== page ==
How to Use the Pomodoro Technique to Learn for Longer

Getting burnt-out quickly when studying or learning a new skill? Your time-management might be the problem…

Ever sit down to study to learn a new skill, only to burn out after half an hour. Despite your best intentions, your brain can’t handle concentrating for long? Don’t worry; there’s nothing wrong with you! As a matter of fact, the brain actually works better in short bursts of learning with breaks in-between. The problem is stopping and starting can be incredibly distracting. That’s where the Pomodoro technique comes in!

What is the Pomodoro Technique?

The Pomodoro technique is a time-management technique developed by productivity pioneer Francesco Cirillo. It is a method of organizing short sessions of work and breaks using a timer. The name came from the tomato-shaped timer Cirillo used when timing his work sessions. Pomodoro is the Italian word for tomato. ๐Ÿ…

The Technique involves setting a 25-minute timer, a.k.a “one Pomodoro,” and working for the full duration. Once the timer goes off, take a short break, 5 minutes, or so. It’s essential to relax during this break fully. Grab a coffee, have a quick walk around your office or home. After this short break, reset the timer and work for another 25 minutes. Repeat this process until you have completed 4 Pomodoros. After your 4th Pomodoro, you take an extended break for around 20-30 minutes. You can then repeat this whole process for as long as you want or until you complete your work.

If you’ve read our guide to the ping-pong learning technique, you’ll know this process works so well because it enables to brain’s focus and diffuse mode effectively. Essentially, your mind has time to background-process the newly acquired information.

The Pomodoro technique is also useful in helping you organizing your breaks. Many times we’ll get distracted, start other tasks, and sometimes not even return to work! By pre-planning and timing breaks, you can stay on track!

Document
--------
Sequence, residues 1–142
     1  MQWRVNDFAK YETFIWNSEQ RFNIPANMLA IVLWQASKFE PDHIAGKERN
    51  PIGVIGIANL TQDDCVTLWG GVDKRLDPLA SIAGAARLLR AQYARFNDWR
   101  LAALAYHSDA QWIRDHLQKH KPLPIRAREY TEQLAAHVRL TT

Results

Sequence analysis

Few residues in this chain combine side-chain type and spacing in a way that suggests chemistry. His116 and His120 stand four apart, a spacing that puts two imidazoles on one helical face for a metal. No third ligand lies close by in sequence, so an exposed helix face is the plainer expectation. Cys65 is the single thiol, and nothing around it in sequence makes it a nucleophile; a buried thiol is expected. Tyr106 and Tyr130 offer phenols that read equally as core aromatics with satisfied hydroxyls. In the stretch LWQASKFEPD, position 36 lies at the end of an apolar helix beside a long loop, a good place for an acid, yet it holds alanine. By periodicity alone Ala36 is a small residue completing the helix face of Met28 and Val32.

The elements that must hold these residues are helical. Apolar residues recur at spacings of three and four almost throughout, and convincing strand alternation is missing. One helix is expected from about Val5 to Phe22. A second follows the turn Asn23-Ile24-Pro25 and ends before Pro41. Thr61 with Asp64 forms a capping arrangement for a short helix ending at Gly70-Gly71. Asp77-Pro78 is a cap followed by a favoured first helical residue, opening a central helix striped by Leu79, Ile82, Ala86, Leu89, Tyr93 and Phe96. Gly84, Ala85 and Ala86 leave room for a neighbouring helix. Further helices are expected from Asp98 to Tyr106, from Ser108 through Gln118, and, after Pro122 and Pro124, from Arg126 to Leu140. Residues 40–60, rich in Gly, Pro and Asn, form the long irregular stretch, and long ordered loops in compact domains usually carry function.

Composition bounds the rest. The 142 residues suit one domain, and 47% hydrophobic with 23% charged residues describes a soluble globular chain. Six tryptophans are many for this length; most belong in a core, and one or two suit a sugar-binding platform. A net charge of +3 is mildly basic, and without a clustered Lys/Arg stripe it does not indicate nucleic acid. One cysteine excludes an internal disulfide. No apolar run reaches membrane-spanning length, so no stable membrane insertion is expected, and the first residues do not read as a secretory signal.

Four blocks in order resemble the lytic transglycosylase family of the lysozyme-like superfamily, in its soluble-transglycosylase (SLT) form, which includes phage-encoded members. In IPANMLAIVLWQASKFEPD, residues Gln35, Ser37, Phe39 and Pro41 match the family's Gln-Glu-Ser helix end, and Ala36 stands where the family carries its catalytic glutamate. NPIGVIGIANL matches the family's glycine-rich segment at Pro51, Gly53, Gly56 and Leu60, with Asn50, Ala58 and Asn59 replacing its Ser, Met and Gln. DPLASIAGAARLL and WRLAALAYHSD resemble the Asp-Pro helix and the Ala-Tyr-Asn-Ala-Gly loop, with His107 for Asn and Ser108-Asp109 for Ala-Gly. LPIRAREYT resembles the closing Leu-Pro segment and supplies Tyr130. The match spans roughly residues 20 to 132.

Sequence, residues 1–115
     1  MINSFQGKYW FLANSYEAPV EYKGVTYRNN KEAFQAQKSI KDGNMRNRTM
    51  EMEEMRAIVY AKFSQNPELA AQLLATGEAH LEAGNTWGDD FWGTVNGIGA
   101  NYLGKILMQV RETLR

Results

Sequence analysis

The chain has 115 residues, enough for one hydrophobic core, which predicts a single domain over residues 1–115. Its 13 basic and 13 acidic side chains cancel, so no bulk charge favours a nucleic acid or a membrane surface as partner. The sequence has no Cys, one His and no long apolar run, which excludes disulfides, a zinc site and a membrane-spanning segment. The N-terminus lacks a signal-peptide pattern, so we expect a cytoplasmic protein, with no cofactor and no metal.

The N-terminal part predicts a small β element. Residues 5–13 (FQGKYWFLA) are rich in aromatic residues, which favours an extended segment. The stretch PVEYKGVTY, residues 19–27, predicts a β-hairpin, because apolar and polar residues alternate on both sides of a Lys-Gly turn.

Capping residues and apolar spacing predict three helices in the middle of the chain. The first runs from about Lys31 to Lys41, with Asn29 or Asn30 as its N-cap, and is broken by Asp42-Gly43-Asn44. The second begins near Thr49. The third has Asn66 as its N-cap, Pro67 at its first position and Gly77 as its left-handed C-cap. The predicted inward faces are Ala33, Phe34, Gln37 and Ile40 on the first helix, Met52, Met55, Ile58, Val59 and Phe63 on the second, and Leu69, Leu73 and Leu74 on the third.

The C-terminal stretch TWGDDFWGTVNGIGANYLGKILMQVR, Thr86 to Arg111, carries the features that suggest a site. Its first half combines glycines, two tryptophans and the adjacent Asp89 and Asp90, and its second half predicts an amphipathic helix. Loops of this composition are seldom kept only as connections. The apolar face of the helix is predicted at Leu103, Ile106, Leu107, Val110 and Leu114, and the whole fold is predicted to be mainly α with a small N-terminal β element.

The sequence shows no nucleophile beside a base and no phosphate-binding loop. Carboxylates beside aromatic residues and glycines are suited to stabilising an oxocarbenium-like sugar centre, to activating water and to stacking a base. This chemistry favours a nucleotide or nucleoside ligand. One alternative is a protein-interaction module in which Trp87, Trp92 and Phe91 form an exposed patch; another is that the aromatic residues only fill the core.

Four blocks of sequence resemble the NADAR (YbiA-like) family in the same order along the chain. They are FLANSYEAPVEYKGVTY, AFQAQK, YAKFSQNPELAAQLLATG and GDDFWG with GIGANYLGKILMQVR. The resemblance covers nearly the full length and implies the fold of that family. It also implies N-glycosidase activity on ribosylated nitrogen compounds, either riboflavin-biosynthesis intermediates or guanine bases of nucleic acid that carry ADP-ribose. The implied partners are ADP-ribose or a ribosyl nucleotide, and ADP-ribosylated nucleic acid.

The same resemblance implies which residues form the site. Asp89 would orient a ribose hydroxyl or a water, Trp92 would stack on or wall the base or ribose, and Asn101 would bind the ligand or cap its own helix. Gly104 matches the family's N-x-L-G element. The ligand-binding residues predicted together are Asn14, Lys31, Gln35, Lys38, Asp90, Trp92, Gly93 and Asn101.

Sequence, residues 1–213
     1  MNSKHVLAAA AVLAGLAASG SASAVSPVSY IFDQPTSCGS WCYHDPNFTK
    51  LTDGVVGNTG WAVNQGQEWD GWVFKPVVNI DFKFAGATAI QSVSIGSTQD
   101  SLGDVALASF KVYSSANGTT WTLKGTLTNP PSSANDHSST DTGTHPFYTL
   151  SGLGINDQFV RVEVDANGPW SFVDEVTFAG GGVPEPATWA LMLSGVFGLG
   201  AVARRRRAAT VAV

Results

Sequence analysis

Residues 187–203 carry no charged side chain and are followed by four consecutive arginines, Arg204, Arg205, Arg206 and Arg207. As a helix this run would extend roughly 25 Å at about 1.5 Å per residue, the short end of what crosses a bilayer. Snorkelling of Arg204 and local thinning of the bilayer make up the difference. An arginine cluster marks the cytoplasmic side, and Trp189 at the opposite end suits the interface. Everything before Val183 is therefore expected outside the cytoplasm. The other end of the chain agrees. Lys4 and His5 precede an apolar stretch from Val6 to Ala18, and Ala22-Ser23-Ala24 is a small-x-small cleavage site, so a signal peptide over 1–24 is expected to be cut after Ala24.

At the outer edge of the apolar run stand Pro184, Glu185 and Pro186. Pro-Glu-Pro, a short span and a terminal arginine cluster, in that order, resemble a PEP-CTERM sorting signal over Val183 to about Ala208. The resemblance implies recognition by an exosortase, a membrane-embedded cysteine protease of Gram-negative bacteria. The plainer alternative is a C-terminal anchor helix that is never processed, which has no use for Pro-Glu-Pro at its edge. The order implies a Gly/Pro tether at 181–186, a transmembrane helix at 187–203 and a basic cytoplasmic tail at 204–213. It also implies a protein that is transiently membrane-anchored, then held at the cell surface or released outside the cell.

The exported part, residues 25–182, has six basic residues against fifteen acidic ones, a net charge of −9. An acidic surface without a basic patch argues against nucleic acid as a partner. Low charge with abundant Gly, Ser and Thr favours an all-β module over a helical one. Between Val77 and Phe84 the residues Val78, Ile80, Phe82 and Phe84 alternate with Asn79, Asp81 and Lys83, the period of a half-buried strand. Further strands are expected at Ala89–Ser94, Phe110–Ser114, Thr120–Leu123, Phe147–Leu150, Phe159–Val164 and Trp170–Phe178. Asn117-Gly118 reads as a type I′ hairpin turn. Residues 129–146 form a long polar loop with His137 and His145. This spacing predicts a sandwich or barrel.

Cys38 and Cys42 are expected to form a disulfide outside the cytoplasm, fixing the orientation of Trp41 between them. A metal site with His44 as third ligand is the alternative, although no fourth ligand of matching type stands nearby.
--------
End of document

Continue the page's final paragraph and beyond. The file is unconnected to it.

Pomodoro Technique Step-By-Step

Let’s have a quick recap of the technique step-by-step before we move on. Don’t feel like your sessions have to be 25 minutes; control the time of your Pomodoros as you think is right for you.

  1. Start a 25-minute timer
  2. Work until the timer rings
  3. Take a 5-minute break
  4. Reset the timer and work for another 25 minutes
  5. Repeat until you have completed 4 x 25 work sessions
  6. Take an extended break [25-30 minutes]
  7. Repeat until work in completed

Different Types of Pomodoro Timers

Firstly, we have the option of a physical timer. With all the digital devices available nowadays, there’s no need to go out and buy a physical timer. However, many Pomodoro practitioners choose to use one to remove the digital device from their working environment.

The second option is a Pomodoro browser extension. You can add this to your web browser and control the timer from your taskbar. The limitation of this type of timer is that it only works for computer-based work.

The third option, which is to use a smartphone application. There are many Pomodoro and work timing apps to choose from. Of course, you can simply use the timer/countdown application that comes with your phone. There’s no need to get fancy with it!

Lastly, we have an option popular with students, and that is the YouTube Pomodoro video timer. There are loads of videos to choose from; you can opt for a simple bleep timer video, or even a study-with-me video timer, which has become very popular in the past couple of years.

It really doesn’t matter which one you choose. Whatever works for you!

If youโ€™re looking for more brain optimization tips, why not check out our article onย multitasking and how it affects cognitive performance!